Prison Reform Requires Understanding Five Myths About Why U.S. Has Such Huge Incarceration Rate

One-third of all prisoners in the entire world are in U.S. prisons and jails. The U.S. has 2.8 million people locked up — the highest incarceration rate in the world.  Over the past 30 years there has been a dramatic increase in U.S. prison population.

An interesting article in Slate, by John Pfaff, says that reform is inevitable: “States are beginning to realize that large prison populations are boom-time luxuries they can no longer afford.”

But, Pfaff says, in order for reform to work it must be based on facts, not myths. The article outlines five myths about why the U.S. has such high incarceration rates:

MYTH No. 1: Long Sentences Drive Prison Population Growth.
Our data on time served is imperfect at best, but it appears that the time served by the median prisoner is about two years, sometimes much less. It is easy to focus on the people who are serving decades-long sentences for life or life without parole, but they make up only about 10 percent and 2.5 percent of the total prison population, respectively. The two-year median, meanwhile, holds true both in notoriously punitive states like Michigan and in more lenient ones like Minnesota. Not only is the absolute amount of time served low, in general, but in many states that amount remained flat over much of the 1990s.  So what is actually driving prison population growth? Admissions. Far more offenders who in the past would have received nonprison sentences are being locked up for short stints, driving up the overall population.

MYTH No. 2: Low-Level Drug Offenders Drive Prison Population Growth.
Only 20 percent of inmates in prisons (as opposed to jails) are locked up for drug offenses, compared with 50 percent for violent crimes and 20 percent for property offenses; most of the drug offenders are in prison for distribution, not possession. Twenty percent is admittedly much larger than approximately 3 percent, which was the fraction of prisoners serving time on drug charges in the 1970s. But if we were to release every prisoner currently serving time for a drug charge, our prison population would drop only from 1.6 million to 1.3 million. That’s not much of a decline, compared with the total number of people in prison in the 1970s — about 300,000.

MYTH No. 3: Technical Parole And Probation Violations Drive Prison Population Growth. … In 2005, about one-third of all people admitted to prison were on parole at the time (though not necessarily returning because of a violation). But the rate of parolees returning to prison has been stable for the last decade, suggesting that this doesn’t account for recent growth…. The number of parolees returning to prison is rising only because the number of people out on parole is rising.

MYTH No. 4: In The Past Three Decades, We’ve Newly Diverged From The Rest Of The World On Punishment. …
If we look back historically at the lockup rate for mental hospitals as well as prisons, we have only just now returned to the combined rates for both kinds of incarceration in the 1950s. In other words, we’re not locking up a greater percentage of the population so much as locking people up in prisons rather than mental hospitals.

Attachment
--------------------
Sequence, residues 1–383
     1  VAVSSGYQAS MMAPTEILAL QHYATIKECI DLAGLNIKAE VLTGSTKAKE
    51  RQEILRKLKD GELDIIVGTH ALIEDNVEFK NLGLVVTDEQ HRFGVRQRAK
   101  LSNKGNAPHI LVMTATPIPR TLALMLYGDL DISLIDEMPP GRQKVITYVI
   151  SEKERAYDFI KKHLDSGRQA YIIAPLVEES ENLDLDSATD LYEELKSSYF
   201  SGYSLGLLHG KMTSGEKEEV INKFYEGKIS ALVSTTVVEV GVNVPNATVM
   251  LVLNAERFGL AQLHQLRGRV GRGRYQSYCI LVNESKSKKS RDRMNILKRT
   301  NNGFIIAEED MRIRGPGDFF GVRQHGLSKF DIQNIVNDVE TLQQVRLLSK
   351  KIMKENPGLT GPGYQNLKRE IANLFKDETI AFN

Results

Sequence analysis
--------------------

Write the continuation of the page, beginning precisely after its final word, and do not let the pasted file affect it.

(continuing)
MYTH No. 5: The Incarceration Boom Has Had No Effect On Crime Levels.
The best numbers available, controlling for a host of challenging statistical problems, suggest that the growth in prison populations contributed to up to 30 percent of the crime drop during the 1990s. … While prison has helped reduce crime, it’s not the most efficient tool we have. A dollar spent on police, for example, is 20 percent more effective than a dollar spent on prisons.

Pfaff’s Recommendation:
Given that, what’s the most cost-effective prison reform strategy? We need to stop admitting many minor offenders, even if they’re serving only short sentences. We need to focus less on high-profile drug statutes and more on the ways small-fry drug convictions cause later crimes to result in longer sentences. Once we start admitting fewer people to prison, we should shift money from prisons to police. If this seems like tinkering, rather than a sweeping fix, that’s because it is. See Myth No. 4: Reformers shouldn’t waste their breath trying to turn us into Europe.

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2 Responses to Prison Reform Requires Understanding Five Myths About Why U.S. Has Such Huge Incarceration Rate

  1. Rick says:

    Mike, I agree with most of Plaff’s comments. However, there are times when incarcerating low level offenders makes sense. A couple of examples will suffice: the homeowner who refuses to keep his property up despite numerous notices and fines. The resident who insists on loud parties at 12 midnight onward every Friday night despite numerous summons and fines. Those people should be locked up.

  2. Peeper says:

    Rick, at a cost to taxpayers of $30,000++ per year per prisoner you think we should lock people up for misdemeanors? I hope this is a joke. Most Americans don’t want to live in a police state.

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